Six new nuclear reactor technologies are set to deploy for commercial use between 2030 and 2040. Called Generation IV nuclear reactors, they will operate with improved performance at dramatically higher temperatures than today’s reactors.
Scientists have demonstrated a new bio-inspired material for an eco-friendly and cost-effective approach to recovering uranium from seawater.
Researchers at the Department of Energy’s Oak Ridge National Laboratory, Pacific Northwest National Laboratory and Washington State University teamed up to investigate the complex dynamics of low-water liquids that challenge nuclear waste processing at federal cleanup sites.
Ionic conduction involves the movement of ions from one location to another inside a material. The ions travel through point defects, which are irregularities in the otherwise consistent arrangement of atoms known as the crystal lattice. This sometimes sluggish process can limit the performance and efficiency of fuel cells, batteries, and other energy storage technologies.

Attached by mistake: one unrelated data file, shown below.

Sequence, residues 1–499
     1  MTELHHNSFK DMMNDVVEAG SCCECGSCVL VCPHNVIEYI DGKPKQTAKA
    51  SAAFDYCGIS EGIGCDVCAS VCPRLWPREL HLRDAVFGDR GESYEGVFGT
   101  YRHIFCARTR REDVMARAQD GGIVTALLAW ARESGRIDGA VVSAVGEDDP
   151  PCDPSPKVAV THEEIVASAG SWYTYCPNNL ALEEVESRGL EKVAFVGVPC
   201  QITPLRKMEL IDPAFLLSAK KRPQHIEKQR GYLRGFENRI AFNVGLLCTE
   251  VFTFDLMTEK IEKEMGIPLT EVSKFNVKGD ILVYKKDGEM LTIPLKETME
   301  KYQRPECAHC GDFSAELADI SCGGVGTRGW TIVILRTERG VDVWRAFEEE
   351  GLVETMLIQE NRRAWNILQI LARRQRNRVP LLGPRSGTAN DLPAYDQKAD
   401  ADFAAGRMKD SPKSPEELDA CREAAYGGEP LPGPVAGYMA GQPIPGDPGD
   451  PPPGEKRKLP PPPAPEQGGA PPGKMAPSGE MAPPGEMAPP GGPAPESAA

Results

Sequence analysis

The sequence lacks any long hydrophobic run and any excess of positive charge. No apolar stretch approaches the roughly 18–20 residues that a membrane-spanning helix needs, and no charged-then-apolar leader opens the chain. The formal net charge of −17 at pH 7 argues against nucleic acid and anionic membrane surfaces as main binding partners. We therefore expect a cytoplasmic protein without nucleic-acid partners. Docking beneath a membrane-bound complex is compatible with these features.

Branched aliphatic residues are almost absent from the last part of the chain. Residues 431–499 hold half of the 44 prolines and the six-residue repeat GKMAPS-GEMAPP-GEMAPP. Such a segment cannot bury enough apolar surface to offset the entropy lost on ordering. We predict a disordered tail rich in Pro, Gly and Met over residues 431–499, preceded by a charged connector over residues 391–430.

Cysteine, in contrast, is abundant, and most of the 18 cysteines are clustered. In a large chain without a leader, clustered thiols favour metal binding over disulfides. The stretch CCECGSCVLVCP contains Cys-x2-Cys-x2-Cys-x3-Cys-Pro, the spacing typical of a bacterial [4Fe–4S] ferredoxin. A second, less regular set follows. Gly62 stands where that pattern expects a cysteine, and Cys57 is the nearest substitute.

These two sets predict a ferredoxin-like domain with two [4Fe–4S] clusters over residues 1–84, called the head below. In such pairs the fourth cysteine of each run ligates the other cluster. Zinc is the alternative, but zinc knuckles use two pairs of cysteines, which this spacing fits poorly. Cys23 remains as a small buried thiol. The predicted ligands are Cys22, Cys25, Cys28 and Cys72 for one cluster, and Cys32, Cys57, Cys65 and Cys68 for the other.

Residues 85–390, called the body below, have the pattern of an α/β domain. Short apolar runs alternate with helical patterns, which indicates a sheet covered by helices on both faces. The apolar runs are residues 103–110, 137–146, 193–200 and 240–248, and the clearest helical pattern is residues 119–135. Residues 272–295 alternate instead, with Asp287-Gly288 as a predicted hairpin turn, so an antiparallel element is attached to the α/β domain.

Kevin Field at the Department of Energy’s Oak Ridge National Laboratory synthesizes and scrutinizes materials for nuclear power systems that must perform safely and efficiently over decades of irradiation.
Carbon fiber composites—lightweight and strong—are great structural materials for automobiles, aircraft and other transportation vehicles. They consist of a polymer matrix, such as epoxy, into which reinforcing carbon fibers have been embedded. Because of differences in the mecha...
Oak Ridge National Laboratory scientists have developed a crucial component for a new kind of low-cost stationary battery system utilizing common materials and designed for grid-scale electricity storage. Large, economical electricity storage systems can benefit the nation’s grid ...
A tiny vial of gray powder produced at the Department of Energy’s Oak Ridge National Laboratory is the backbone of a new experiment to study the intense magnetic fields created in nuclear collisions.
“Made in the USA.” That can now be said of the radioactive isotope molybdenum-99 (Mo-99), last made in the United States in the late 1980s. Its short-lived decay product, technetium-99m (Tc-99m), is the most widely used radioisotope in medical diagnostic imaging. Tc-99m is best known ...